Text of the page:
Belfast Telegraph

Snapper Dessie Loughery's walk on the wild side

Focusing on nature helps ex-footballer's bipolar battle

Wildlife photographer Dessie Loughery
Wildlife photographer Dessie Loughery
Some of his images
Some of his images
Some of his images
Some of his images
Some of his images
Some of his images
Allan Preston

By Allan Preston

A former Irish League footballer and referee has told of how his unlikely passion for wildlife photography helped him cope with being bipolar.

Dessie Loughery (52), a married father-of-four and grandfather-of-five from Limavady, was known as a fierce competitor during his time with Ballymena United and Coleraine before enjoying a spell as a football and GAA referee.

With a compulsive need to be the best at whatever he tried, taking things slow never came easy. It wasn't until a suicide bid on the Foyle Bridge in his 40s that he discovered he was bipolar and started to receive help.

As far away from the relentless pace of football as possible, his stunning wildlife shots are the result of spending endless hours in wait for the perfect moment.

From befriending a fox for months to waiting hours to see birds of prey, many thought the patience needed was beyond him.

He said: "You get a rush out of it which is hard to explain. I would get into a hide I've made at 6am and still be there at 6pm and nothing turns up.

"If you told that to people they would think you were crazy. But it's my way of clearing my mind as I'm usually a 100 miles an hour with the bipolar."

His first success came after waiting eight hours to see a kingfisher.

"I got just four frames and he flew off. The excitement of getting those photographs was unreal, it was nearly the same as scoring a goal for Ballymena," Dessie added.

Still regularly working as a sports photographer covering football and GAA, he said his "ultimate dream" would be to travel to Canada to capture a brown bear fishing. He said an unhappy time at St Mary's High School in Limavady created a hunger to prove himself early on.

He added: "I don't blame the school, but in those days if you were disruptive you were kept in the corner and not allowed to do anything. That made me more determined and shaped the person I am today."

Recalling his near suicide, he said it gave him a greater understanding of the struggles faced by others.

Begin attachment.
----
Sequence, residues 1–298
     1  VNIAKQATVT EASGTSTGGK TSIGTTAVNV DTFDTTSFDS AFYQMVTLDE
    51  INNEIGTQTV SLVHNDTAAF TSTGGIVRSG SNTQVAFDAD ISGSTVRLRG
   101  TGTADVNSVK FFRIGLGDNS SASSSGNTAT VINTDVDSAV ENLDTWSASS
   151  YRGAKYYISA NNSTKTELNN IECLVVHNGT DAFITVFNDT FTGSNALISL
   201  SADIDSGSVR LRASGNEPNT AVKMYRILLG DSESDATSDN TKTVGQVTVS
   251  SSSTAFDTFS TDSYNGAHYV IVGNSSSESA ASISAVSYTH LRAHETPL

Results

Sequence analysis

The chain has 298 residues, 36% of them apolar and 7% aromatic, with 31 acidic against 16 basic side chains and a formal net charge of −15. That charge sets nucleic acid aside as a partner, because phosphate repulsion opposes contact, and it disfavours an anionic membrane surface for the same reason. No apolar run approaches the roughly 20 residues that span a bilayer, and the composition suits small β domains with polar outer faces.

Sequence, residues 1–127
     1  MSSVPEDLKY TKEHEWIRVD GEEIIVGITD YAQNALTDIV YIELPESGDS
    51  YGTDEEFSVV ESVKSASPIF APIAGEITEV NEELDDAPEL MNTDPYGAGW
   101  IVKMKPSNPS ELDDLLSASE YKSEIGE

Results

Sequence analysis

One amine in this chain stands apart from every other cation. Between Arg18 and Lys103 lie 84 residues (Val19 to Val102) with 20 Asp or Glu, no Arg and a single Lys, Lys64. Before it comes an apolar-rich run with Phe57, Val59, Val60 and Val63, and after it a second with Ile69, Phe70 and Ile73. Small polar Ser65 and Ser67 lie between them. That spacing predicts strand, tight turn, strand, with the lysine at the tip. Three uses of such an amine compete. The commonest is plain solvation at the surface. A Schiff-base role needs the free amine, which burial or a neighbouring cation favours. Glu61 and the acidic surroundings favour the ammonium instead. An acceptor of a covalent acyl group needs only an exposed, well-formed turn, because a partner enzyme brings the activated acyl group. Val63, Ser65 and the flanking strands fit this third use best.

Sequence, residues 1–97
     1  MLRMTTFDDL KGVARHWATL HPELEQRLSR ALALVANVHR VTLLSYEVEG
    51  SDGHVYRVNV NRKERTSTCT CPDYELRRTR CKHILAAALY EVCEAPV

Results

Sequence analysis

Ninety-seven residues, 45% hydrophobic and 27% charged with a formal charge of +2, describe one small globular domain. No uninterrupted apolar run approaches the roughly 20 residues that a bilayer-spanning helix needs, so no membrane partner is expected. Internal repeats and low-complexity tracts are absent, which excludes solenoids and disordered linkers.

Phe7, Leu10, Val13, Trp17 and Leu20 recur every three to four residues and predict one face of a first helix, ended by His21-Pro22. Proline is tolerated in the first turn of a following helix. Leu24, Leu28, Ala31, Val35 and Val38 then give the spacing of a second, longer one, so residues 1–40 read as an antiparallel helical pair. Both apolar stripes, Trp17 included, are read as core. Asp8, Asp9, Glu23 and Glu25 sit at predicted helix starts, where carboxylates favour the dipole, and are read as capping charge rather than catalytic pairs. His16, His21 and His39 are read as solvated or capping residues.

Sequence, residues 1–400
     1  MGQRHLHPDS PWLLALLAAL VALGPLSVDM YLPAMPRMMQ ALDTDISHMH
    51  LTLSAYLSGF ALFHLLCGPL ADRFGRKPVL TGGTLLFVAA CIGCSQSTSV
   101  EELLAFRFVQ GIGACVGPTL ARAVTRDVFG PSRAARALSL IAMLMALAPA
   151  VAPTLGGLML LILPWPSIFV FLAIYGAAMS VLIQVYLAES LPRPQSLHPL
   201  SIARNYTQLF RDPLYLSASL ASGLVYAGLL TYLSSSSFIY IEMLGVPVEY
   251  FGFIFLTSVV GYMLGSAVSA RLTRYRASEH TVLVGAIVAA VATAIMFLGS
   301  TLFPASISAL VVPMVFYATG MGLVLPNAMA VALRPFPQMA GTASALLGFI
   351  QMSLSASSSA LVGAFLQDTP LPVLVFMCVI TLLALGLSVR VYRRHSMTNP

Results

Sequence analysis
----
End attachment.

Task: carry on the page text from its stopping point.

"If I ever heard of people committing suicide in the past I thought they were selfish," he said.

"But I was standing on the Foyle Bridge and didn't even know it. If I had stepped over the edge I wouldn't even have realised. I was driving to Derry and the only thing I could do was stop the van and walk over to the rails.

"The only reason it didn't happen was because somebody beeped the horn at me as if to say: 'Get out of that state'."

He managed to drive back to the far side and call his wife Anne-Marie for help.

"I'm married 31 years now and I have the best wife, she's unreal.

"She never says a bad word to me, I have the longest leash on the planet. She always says I work by the Moon - when it's full I'm not wise."

After attending weekly cognitive behaviour therapy sessions for over two years, he now feels able to deal with his bad days.

"I always knew there was something wrong. I had all this energy and the energy had nowhere to go," he said.

"I still get days when I'm down, but now I just grab the camera and just sit down and relax. I always tell the wife where I am because I don't want her worrying. But if you meet me there's always a smile on my face. I've no exams but I can talk the leg off a donkey. I'm not a bit embarrassed to talk about it because it helps me and has really opened my mind."

If you, or anyone close to you, is affected by issues in this article, contact the Samaritans free on 116123 or Lifeline on 080 8808 8000

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